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February 1995

Occlusion of Potent Topical Steroids

Author Affiliations

Division of Dermatology Baylor University Medical Center 3500 Gaston Ave Dallas, TX 75246

Arch Dermatol. 1995;131(2):226-227. doi:10.1001/archderm.1995.01690140112023

The use of potent topical corticosteroids in the treatment of erythrodermic psoriasis is fraught with difficulties and complications. The report of Arbiser et al1 in the June 1994 ''Cutting Edge'' should be viewed with caution in the light of large, previously published series that have not been referenced.2,3 In these articles, the use of systemic or potent topical steroids was shown to be the most common trigger factor for erythrodermic psoriasis. There is no doubt that the use of potent topical steroids under occlusion, even in the shortterm as advocated by Arbiser et al, may give temporary relief but should not be considered the treatment of choice due to the potential for ''rebound.'' Of interest is that their first patient (''poorly compliant'') has had subsequent hospital admissions for his psoriasis following the course of treatment prescribed.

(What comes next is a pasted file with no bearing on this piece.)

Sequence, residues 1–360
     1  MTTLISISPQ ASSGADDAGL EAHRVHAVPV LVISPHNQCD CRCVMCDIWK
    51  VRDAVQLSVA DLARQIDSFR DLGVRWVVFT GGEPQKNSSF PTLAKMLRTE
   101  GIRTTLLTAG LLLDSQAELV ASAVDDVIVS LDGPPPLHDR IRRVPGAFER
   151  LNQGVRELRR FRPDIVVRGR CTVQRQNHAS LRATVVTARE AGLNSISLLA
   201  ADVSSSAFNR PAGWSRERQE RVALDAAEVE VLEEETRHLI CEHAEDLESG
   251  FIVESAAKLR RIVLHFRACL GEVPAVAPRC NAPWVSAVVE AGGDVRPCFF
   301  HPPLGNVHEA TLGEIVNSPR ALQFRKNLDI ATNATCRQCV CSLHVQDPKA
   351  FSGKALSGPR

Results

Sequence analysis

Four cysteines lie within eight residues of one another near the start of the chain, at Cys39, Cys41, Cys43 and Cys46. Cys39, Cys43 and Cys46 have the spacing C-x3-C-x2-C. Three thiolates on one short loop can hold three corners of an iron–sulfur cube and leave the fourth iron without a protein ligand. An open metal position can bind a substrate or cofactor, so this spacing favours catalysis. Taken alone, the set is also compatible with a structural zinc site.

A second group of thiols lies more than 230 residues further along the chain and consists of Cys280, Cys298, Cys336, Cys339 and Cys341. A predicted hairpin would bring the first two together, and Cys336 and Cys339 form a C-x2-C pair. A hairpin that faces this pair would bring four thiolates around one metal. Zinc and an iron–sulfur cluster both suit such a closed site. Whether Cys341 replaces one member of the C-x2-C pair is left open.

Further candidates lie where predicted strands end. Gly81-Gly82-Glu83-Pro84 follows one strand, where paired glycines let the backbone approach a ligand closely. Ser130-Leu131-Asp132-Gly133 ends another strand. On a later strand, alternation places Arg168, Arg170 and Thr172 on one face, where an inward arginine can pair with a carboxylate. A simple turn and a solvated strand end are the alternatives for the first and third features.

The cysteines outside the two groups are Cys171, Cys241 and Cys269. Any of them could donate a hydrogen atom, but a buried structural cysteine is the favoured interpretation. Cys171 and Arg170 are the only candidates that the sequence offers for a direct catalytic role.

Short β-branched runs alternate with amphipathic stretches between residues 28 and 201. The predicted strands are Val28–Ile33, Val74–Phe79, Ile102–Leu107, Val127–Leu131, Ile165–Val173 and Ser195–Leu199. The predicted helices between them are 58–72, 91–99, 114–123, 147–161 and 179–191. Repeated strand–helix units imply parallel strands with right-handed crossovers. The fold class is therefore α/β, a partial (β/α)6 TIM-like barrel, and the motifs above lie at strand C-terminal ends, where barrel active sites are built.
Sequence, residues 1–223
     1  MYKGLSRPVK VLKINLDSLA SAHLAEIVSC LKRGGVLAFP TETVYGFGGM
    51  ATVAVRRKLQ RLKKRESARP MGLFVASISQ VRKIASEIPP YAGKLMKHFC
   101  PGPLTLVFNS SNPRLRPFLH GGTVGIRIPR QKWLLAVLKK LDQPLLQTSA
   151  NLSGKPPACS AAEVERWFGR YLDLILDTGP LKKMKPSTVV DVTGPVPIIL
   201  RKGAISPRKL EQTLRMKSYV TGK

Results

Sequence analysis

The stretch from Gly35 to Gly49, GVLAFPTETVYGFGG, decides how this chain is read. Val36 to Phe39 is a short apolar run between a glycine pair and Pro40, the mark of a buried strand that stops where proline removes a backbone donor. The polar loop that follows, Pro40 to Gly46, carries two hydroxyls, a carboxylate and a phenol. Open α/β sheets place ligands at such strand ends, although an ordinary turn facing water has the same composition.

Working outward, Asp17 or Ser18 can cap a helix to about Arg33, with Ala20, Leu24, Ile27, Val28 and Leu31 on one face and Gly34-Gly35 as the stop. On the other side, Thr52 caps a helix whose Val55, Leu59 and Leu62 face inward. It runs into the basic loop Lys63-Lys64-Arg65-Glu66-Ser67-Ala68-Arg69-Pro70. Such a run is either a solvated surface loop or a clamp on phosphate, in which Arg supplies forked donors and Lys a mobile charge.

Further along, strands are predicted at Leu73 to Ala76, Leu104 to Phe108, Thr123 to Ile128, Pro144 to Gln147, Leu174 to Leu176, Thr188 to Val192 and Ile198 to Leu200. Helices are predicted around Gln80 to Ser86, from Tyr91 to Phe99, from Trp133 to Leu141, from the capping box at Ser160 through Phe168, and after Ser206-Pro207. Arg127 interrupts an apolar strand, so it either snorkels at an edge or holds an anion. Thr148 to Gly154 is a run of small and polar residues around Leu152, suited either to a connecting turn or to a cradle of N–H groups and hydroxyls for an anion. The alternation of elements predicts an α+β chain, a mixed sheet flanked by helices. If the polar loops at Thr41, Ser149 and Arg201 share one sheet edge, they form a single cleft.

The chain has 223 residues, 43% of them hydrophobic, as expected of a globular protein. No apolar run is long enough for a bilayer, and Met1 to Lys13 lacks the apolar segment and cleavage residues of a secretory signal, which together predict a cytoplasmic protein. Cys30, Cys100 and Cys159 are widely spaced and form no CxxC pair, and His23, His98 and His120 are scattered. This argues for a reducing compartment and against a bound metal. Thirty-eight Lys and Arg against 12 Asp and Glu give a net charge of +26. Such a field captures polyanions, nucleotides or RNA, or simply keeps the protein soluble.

An erythrodermic protocol using cool baths, wet dressings, and low-potency topical steroids

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